At the 18th, Ko lipped out from 12 feet for birdie while Lin and Hull, in the next and final group, gave themselves birdie chances as well.

Hull missed from 18 feet and tapped in for par, leaving Lin a 14-footer to force a playoff, but the putt faded left and Hull had the triumph.

“It was quite brilliant, actually. I found it quite exciting,” Hull said. “When ‘Janet’ (Lin) made eagle on 17, I enjoyed that. It made me want to birdie the last. I hit a good putt. I missed. But it was great fun.”

Lin, a 26-year-old from Guangzhou, matched her best LPGA finish, a runner-up effort in March in Thailand.

Ko, a 25-year-old Seoul-born star, is a two-time major champion who captured her 17th career LPGA title in January at the LPGA at Boca Rio.

She hasn’t won twice in a season since claiming four titles in the 2016 campaign.

Ko opened and closed the front nine with back-to-back birdies to reach 14-under, grabbing a share of the lead with 54-hole co-leaders Hull and Lin.

Hull surged early with four birdies in the first seven holes only to make a bogey at eight while Lin opened with a birdie and added others at the par-5 sixth and par-4 10th.

Hull leaped ahead with three birdies in a row at the 12th, par-5 13th and 14th to reach 17-under, seizing a three-stroke edge with four holes remaining.

Lin stumbled with a bogey at the par-3 11th but answered with a birdie at 13.

Ko birdied the 15th and 17th and Lin birdied the par-3 16th to set up the closing drama.


Real Madrid’s perfect season ends as Benzema misses penalty kick

Real Madrid’s perfect season ends as Benzema misses penalty kick
Updated 03 October 2022

Real Madrid’s perfect season ends as Benzema misses penalty kick

Real Madrid’s perfect season ends as Benzema misses penalty kick
  • It was the third straight penalty miss by Benzema against the Osasuna goalkeeper

MADRID: It was not the return to action that Karim Benzema had hoped for.

Back in Real Madrid’s squad after a long injury layoff, the France striker missed a second-half penalty kick that helped to end the team’s perfect start to the season.

Madrid’s streak of nine straight victories in all competitions was halted after a 1-1 home draw against 10-man Osasuna in the Spanish league on Sunday.

The result also cost Madrid the league lead, as it was surpassed by Barcelona following its 1-0 win at Mallorca on Saturday. Both teams are tied on 19 points but the Catalan club is ahead on goal difference.

Benzema, who had missed three straight matches because of a right leg injury sustained before the international break, had a chance to give Madrid the lead in the 79th minute, but his shot from the spot was saved by Osasuna goalkeeper Sergio Herrera.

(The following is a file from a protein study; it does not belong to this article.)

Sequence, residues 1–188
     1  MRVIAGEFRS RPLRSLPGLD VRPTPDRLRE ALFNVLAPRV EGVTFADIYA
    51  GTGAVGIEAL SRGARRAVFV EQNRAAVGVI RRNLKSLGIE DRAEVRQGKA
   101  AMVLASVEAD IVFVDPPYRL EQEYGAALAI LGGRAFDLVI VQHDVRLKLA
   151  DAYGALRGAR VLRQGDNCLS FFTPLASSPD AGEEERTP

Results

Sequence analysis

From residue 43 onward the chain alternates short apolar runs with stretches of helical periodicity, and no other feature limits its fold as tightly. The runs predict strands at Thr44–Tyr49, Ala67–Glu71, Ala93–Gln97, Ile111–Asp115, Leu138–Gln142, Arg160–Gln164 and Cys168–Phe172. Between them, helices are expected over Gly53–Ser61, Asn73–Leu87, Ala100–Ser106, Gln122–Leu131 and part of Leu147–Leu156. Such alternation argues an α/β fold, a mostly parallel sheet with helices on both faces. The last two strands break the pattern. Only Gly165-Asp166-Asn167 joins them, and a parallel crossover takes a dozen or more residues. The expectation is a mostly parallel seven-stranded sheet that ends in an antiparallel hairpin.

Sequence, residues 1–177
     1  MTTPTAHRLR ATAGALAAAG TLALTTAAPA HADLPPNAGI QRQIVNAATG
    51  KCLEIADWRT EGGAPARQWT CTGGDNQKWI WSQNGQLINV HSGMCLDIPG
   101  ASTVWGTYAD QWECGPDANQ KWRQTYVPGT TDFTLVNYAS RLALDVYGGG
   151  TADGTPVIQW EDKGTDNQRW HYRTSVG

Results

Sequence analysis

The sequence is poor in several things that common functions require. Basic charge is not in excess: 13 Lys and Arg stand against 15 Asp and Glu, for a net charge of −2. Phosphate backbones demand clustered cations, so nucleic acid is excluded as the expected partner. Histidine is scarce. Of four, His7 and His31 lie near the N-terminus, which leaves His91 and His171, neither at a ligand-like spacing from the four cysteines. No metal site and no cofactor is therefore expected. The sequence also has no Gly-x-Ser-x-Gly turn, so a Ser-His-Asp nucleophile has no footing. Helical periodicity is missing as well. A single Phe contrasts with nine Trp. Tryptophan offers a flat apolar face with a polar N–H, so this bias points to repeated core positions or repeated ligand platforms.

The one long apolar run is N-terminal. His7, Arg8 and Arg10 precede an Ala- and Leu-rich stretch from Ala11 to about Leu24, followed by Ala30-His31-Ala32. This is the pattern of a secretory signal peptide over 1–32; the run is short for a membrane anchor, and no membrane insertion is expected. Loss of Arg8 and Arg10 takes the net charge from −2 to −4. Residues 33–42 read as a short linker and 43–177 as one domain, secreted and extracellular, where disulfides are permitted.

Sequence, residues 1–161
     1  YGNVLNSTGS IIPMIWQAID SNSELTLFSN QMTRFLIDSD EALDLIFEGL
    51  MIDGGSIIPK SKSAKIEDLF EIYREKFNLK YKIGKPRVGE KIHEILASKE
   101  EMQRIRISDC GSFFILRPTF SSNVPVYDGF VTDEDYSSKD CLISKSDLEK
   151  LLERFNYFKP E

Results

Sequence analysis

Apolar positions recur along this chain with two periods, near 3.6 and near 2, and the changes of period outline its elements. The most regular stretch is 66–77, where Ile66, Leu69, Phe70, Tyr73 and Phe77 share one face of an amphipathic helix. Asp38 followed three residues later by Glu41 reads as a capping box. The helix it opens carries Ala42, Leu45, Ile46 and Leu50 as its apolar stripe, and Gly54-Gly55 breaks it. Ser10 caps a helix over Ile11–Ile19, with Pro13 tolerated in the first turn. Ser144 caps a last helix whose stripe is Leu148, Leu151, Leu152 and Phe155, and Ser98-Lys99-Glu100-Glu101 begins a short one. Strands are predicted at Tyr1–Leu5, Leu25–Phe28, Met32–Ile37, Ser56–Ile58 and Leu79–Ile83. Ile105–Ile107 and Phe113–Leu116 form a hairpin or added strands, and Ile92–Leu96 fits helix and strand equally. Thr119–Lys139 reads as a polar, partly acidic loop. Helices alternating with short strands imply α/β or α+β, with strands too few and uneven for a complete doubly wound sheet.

It was the third straight penalty miss by Benzema against the Osasuna goalkeeper. He had two penalties saved by Herrera in April when Madrid won.

And things were clearly not going Benzema’s way as shortly after the striker had a goal disallowed for offside.

“We needed Benzema to convert the penalty,” Madrid coach Carlo Ancelotti said. “He usually does. It was an accident that sometimes happens.”

Vinícius Júnior had opened the scoring in the 42nd after finding the far corner with what appeared to be a cross attempt into the area, but the visitors equalized with a header by Kike García in the 50th.

Osasuna went a man down when David García was sent off for the foul on Benzema that prompted the penalty.

It was Osasuna’s first draw after four wins and two losses this season, keeping the Pamplona club in sixth place. It got the point at the Santiago Bernabéu Stadium despite playing without the suspended Chimy Ávila, one of its best players.

Ancelotti was without veteran midfielder Luka Modric and goalkeeper Thibaut Courtois because of injuries.

A minute of silence was held before every Spanish league match in honor of victims of the tragedy at a soccer stadium in Indonesia on Saturday night.

VALENCIA RALLY

A goalkeeper’s mistake six minutes into second-half stoppage-time allowed Valencia to pull off a 2-2 draw at Espanyol.

Espanyol goalkeeper Álvaro Fernández thought a high shot by Eray Comert toward the goal was going wide and let the ball go, but it ended in the net for the visitors’ equalizer.

Fernández dropped to the ground in despair and later put his hands together over his head with a plea for forgiveness from home fans.

Espanyol was looking for its first home win of the season. It is winless at its stadium in seven straight matches, going back to last season.